The UK Royal Navy’s Trafalgar-class nuclear-powered attack submarine HMS Torbay (S90) has successfully completed its flood-up, marking a milestone in the revalidation and assisted maintenance period (RAMP) undertaken by Babcock at Devonport Dockyard in the UK.
Around 85% of the work, including significant communications upgrades, has been completed on HMS Torbay as part of RAMP programme. The vessel has been afloat since its docking ten months ago.
Communications upgrades include installation of the Cromwell radio antenna to enhance internal communications and the ship alongside upgrade to provide connectivity, television and telephone services on board.
The submarine has also undergone on-destructive examination of the hull and ship’s systems, including the reactor primary circuit, and demonstrated its ability to conduct missions well into extended commission.
One of the submarine platform’s combined coolers has been overhauled and a revalidation of the circulating water system was also conducted.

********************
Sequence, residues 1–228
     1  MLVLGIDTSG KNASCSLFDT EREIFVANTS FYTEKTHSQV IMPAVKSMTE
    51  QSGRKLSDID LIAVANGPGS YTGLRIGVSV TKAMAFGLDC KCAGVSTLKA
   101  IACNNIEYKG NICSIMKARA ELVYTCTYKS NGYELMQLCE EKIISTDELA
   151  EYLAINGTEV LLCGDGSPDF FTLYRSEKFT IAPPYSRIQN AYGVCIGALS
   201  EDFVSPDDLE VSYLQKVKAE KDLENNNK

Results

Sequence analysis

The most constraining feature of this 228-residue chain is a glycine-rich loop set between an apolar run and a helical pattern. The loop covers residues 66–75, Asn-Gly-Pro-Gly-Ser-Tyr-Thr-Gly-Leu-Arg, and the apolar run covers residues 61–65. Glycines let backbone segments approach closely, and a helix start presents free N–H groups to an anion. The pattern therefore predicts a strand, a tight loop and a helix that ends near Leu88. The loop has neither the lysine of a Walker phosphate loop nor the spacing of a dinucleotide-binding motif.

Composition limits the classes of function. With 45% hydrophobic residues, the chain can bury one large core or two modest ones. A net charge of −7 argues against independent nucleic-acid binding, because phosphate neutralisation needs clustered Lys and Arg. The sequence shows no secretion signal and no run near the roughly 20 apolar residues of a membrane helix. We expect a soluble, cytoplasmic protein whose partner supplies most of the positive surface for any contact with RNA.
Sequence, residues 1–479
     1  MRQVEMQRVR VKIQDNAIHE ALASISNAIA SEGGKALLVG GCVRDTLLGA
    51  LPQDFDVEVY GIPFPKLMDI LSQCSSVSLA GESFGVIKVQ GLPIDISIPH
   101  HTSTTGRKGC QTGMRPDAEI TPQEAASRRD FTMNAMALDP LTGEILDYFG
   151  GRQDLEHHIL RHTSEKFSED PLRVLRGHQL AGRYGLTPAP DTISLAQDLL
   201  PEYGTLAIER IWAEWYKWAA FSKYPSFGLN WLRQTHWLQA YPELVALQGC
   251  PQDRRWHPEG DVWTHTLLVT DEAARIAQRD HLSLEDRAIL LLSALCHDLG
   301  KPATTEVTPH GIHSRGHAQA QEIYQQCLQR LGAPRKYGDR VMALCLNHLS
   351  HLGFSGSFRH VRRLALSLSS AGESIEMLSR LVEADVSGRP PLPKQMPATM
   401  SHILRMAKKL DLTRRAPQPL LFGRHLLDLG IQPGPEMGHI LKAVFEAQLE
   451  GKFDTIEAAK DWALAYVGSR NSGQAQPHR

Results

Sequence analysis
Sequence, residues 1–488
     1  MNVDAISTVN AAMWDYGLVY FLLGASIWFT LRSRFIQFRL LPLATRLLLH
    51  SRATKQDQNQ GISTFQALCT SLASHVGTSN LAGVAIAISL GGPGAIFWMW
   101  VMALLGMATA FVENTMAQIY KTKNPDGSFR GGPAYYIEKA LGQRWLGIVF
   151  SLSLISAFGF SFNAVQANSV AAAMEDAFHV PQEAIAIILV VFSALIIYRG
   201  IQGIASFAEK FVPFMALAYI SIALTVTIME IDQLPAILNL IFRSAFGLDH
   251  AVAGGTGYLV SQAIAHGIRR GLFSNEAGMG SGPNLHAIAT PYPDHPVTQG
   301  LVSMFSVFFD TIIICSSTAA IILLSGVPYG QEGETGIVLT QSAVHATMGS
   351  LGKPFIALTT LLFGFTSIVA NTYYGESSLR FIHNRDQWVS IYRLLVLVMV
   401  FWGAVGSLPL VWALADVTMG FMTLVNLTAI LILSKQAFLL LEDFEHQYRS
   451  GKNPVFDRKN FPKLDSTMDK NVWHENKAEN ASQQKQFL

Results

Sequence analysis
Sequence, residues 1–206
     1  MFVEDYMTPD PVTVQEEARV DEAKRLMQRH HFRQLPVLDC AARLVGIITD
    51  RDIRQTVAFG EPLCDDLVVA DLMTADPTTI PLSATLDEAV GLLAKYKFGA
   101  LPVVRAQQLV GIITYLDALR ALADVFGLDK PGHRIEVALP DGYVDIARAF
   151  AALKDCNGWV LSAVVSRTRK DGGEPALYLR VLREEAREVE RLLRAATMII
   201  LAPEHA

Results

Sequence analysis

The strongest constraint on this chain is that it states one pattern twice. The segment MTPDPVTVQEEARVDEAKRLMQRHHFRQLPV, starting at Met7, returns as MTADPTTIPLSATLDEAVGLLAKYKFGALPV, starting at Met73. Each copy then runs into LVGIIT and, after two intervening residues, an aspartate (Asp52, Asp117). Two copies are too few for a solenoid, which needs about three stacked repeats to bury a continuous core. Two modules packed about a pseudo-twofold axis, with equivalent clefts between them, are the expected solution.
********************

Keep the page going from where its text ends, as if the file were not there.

Additional upgrades to the submarine include steering and hydroplanes systems, a garbage ejector, hydraulic systems, high-pressure air bottles, a low-pressure air blower system, sonar bow array, as well as torpedo tubes.
Work has been managed by a joint project team comprising Babcock, ship staff, and the UK Ministry of Defence (MoD), as a part of the RAMP programme.
HMS Torbay is due to undergo afloat repairs, which include the fitting of an integration package for the combat system and performing final revalidation tests to validate safety and integrity of the submarine’s systems.
Work is expected to be completed by summer 2013.
The Royal Navy operates a total of six Trafalgar-class nuclear-powered attack submarines, which were built by Vickers Shipbuilding and Engineering Limited (VSEL), and will be succeeded by Astute-class submarines.
Image: UK Royal Navy’s Trafalgar-class submarine, HMS Torbay (S90) conducting a mission. Photo: courtesy of UK Royal Navy.